TABU (1931) by F.W.Murnau was the very first silent film that I performed a live soundtrack for, and it is still one one of my favourites and most popular.
Commissioned in 1995 by the Brunswick Music Festival in Melbourne, Australia
I have performed it all over the world at festivals, cinema clubs, art galleries, in folk clubs, university media departments and even in someones living room. I first saw TABU one afternoon on Italian t.v. At the time I was heavily involved in researching and playing Hawaiian music and the film seemed to be the perfect context for me to play some acoustic lap steel guitar licks.
In 1931 Murnau started filming TABU together with the legendary pioneering documentary film maker Robert Flaherty.
Flaherty had become known for his previous semi-documentary style of films Nanook Of The North and Moana. By 1931 both directors were both well known but both had experienced problems with Hollywood and the film business. They decided to collaborate, formed a production company, bought a sailing vessel and sailed to Tahiti to shoot TABU. However, they parted company during the shooting and it has since become known as Murnau’s film.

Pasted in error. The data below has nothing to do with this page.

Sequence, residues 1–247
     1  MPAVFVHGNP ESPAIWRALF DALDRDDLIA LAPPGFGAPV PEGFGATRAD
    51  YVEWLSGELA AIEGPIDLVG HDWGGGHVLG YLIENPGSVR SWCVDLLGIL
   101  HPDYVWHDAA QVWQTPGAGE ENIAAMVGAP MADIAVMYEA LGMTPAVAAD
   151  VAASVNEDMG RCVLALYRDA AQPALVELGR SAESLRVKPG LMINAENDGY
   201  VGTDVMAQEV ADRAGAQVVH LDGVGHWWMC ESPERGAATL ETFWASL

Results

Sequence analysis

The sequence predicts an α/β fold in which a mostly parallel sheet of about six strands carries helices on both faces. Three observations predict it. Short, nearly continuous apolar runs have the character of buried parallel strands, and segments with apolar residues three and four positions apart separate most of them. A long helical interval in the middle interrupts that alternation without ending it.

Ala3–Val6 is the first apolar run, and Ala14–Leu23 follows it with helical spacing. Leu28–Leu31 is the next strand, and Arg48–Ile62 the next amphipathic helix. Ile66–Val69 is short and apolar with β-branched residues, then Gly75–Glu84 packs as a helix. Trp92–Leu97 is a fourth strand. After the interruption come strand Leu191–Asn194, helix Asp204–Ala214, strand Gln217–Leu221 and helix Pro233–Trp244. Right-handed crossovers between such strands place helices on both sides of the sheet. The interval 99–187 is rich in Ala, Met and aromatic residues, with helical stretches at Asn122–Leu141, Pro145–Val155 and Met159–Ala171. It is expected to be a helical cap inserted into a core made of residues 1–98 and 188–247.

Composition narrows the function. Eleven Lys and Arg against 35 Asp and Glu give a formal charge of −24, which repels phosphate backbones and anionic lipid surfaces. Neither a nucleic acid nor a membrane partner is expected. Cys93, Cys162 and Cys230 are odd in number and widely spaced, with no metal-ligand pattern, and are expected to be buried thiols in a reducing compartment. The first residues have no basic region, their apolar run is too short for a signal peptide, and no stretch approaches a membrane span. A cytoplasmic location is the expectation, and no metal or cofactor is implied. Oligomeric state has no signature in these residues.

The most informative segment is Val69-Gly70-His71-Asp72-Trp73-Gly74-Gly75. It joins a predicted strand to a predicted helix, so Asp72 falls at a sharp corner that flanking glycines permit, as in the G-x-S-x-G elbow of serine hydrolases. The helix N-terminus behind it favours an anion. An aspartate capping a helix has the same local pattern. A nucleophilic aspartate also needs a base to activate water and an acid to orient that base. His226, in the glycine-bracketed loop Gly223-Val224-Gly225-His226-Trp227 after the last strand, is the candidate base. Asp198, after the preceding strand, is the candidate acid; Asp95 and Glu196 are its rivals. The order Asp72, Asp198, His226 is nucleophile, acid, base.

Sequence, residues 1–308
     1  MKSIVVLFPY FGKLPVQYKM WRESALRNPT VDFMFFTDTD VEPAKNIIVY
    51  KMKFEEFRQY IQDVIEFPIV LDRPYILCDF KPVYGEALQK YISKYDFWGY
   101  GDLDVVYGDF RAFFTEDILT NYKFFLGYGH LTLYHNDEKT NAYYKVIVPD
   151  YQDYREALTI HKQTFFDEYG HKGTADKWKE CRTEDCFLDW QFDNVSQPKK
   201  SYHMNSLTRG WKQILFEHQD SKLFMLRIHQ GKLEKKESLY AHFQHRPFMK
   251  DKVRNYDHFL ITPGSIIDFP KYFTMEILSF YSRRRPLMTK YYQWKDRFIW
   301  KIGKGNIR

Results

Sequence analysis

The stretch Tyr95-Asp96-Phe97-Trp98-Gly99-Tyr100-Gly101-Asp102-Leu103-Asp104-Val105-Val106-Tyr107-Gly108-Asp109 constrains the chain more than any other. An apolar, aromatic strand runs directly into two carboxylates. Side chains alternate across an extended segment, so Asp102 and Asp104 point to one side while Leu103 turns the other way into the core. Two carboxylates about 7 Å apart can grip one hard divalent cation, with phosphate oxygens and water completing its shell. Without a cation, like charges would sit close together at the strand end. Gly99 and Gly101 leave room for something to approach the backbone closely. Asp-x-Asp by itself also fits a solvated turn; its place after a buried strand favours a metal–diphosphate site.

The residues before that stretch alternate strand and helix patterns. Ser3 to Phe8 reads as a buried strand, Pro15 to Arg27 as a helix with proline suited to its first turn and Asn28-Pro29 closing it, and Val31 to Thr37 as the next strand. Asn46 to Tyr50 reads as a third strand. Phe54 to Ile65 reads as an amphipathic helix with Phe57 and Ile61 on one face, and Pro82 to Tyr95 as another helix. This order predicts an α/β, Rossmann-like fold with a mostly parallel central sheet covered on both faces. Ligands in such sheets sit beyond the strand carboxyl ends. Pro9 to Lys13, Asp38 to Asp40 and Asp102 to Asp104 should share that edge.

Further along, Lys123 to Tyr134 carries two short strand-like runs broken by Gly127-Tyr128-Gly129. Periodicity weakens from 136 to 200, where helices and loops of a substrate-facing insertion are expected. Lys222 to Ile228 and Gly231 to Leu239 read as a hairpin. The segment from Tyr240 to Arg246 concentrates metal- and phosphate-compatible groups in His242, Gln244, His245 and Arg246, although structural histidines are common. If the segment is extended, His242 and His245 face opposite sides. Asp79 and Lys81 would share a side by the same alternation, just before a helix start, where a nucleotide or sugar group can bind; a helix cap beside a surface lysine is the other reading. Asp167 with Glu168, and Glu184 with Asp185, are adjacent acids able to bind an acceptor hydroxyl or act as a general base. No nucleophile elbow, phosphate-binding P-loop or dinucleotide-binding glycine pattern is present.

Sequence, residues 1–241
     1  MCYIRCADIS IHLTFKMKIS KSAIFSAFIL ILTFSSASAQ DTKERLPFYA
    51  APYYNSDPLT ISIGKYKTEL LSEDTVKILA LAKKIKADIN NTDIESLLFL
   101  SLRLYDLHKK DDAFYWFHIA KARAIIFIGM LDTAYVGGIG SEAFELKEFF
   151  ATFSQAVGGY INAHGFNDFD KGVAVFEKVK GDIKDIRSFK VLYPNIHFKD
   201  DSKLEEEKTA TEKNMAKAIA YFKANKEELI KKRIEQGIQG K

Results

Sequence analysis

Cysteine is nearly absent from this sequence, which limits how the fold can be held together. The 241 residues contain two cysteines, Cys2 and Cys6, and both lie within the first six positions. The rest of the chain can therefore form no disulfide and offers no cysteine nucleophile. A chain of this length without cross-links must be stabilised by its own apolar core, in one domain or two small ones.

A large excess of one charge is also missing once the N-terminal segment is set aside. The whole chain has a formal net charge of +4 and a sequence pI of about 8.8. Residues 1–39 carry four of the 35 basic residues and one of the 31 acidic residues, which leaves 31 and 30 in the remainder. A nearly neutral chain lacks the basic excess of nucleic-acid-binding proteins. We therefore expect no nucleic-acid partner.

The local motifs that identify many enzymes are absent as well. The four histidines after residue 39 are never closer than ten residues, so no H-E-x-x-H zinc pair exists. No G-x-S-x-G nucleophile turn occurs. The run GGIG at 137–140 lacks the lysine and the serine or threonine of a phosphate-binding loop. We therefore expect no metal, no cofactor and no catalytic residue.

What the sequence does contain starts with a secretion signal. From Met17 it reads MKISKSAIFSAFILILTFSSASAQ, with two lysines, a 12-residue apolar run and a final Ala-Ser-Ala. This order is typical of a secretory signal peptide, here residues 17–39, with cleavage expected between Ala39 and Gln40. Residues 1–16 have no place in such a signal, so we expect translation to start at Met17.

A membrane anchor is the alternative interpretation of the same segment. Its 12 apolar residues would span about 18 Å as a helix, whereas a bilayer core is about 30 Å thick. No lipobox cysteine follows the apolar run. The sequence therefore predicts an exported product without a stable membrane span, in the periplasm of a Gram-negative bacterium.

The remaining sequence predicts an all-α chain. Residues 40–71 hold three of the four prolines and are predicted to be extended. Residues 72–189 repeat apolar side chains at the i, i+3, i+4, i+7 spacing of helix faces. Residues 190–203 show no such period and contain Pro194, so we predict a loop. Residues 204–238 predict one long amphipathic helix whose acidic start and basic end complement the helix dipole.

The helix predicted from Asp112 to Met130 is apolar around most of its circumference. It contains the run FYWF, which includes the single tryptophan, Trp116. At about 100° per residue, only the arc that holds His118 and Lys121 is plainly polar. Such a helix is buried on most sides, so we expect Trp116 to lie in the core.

TABU is the story of a young Tahitian couple who fall in love but are prevented from pursuing the relationship by local customs. They run away to various adventures which include corrupt colonials, killer sharks, pearls …..and a very sad ending.
An “exotica” masterpiece…. it was  the last film from Murnau as he was killed in a car crash one week before it was premiered in Berlin. It was also one of the very last silent films ever made (their were ‘talkies’ by 1931) and it remains a classic not only of the genre but of Murnau’s ability to tell a story just with pictures. As with most of his films there are very few storyboard inter-titles, the images alone being sufficient to convey the message.
 Over the years I have enjoyed not only performing live music to this film but also the roads of discovery that it has taken me down as I researched its background and the lives of the people who were directly and indirectly involved in it. A wealth of stories…such as the cinematographer Floyd Crosby being called to participate as Murnau and Flaherty both bungle trying to do it themselves – and the fact that Floyd Crosby was David Crosby’s (of the group Crosby Stills and Nash) father and that he won an Oscar for his work on TABU. The first academy award for cinematography.
For more details about my soundtrack available on c.d. go to my HIPSHOT SOUNDTRACKS page.